If you plan on having potted plants on your deck, always use a plant caddy or some type of stand that has a smaller footprint than the entire pot. The caddy or stand will allow airflow underneath and help drain water away from the deck boards.

I actually am in the process of helping a friend whose deck has rotted where she had many pots sitting on her deck shown below.

Replacing Deck Boards

If your deck is older but mostly still in good shape, you may only need to replace a few boards hear and there. Sometimes certain deck boards may age differently on a deck by cupping, warping or splitting. If you have any of those situations then replacing a deck board will help extend the life of your deck.

Maybe you just need to replace deck nails with screws in areas that the deck board is popping up.

If the board has started to rot, its imperative that you replace it immediately as the rot can start to spread to the joists underneath. Knowing when to replace your deck boards is as important as knowing how to replace your deck boards.

Treating Your Deck

Treating your deck by staining or sealing is essential at extending the life of your deck, specifically your wood deck boards. No matter if you have pressure treated, cedar, redwood or even ipe, regular sealing is required to help with UV degradation and moisture.

You may be asking what’s the difference between staining a deck and sealing a deck. Deck sealer is a clear or transparent finish that provides deck boards water protection but no sun UV protection. Deck stain is a colored finish that provides UV and water protection.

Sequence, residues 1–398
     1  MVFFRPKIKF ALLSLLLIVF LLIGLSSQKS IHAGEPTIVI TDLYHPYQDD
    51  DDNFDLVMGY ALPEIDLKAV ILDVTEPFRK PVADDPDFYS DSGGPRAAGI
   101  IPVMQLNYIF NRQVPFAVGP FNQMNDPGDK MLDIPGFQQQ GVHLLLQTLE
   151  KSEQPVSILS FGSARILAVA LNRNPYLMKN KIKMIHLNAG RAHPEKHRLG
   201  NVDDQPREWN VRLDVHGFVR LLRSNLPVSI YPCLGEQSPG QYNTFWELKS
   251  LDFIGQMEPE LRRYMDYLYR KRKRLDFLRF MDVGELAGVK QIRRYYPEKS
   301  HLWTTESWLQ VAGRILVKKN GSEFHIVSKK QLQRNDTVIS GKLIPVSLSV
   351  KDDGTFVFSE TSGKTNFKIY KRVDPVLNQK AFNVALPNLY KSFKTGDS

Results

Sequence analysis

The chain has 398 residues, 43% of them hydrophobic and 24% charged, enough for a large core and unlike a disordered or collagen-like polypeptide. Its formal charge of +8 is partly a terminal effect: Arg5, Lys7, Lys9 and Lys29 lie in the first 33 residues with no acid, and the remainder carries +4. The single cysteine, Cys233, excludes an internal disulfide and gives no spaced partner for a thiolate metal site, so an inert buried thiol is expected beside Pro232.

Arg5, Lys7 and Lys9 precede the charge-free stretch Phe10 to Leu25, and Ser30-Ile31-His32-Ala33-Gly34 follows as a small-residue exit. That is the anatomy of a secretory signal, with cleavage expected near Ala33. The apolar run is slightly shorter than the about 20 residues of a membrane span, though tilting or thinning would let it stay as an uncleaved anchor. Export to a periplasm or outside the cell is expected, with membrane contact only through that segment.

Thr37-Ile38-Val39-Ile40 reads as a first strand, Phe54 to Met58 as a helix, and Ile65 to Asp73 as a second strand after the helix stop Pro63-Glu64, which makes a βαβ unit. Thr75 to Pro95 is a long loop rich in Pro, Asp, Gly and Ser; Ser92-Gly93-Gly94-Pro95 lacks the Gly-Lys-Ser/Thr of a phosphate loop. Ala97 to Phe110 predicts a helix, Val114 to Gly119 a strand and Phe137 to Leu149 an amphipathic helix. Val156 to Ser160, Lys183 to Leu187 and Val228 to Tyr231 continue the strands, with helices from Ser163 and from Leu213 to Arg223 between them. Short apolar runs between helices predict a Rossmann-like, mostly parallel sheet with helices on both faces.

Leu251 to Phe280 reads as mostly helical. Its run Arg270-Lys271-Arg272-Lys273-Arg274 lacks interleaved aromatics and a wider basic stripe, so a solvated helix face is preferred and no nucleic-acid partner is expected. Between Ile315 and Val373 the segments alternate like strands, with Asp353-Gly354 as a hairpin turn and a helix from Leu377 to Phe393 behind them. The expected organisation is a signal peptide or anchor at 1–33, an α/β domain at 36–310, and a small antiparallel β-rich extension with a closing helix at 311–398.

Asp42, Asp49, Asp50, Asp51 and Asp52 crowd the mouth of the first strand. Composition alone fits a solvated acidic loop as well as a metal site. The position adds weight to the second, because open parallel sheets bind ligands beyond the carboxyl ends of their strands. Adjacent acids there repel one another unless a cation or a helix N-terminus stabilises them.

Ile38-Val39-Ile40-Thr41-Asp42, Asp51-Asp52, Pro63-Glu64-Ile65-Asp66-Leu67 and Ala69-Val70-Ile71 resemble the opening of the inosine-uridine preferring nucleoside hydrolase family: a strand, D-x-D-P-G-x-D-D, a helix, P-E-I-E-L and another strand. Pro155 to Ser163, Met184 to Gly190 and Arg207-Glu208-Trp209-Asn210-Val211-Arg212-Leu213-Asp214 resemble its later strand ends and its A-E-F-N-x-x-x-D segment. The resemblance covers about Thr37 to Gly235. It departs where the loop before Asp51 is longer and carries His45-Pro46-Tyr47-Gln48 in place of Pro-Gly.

You want to treat your deck with both. UV degradation starts to compromise the wood fibers in deck boards causing cracking and splitting. You add water intrusion inside those cracks and splits and in no time your decking boards will become compromised. This is why we recommend staining rather than just sealing your deck.

Staining Your Deck

Stain not only protects your deck from harmful UV rays and water intrusion, but it also gives your deck boards a more uniform appearance. You can choose a vast array of colors to stain your deck boards or even just a shade of brown to match your current boards.

The more solid the stain color, the more UV protection it provides. As you can tell from the pics above, the deck is very gray from the UV in sunrays. This deck needs to be pressure washed and then use a deck cleaner and brightener to bring the original wood color back.

Once the deck is clean and brightened and completely dry, you can now apply your stain. We used a roller to apply our stain, but you can also use a deck stain pad as well.

This process will need to repeated every few years, depending on your location. Here in Florida, 3 years is our max before our deck starts to look weathered with the heat and moisture.


The more you take care of your deck on a regular schedule, the longer your deck will last. The biggest caveat is that your deck frame is built correctly. No amount of deck maintenance will help a deck that was framed and built improperly.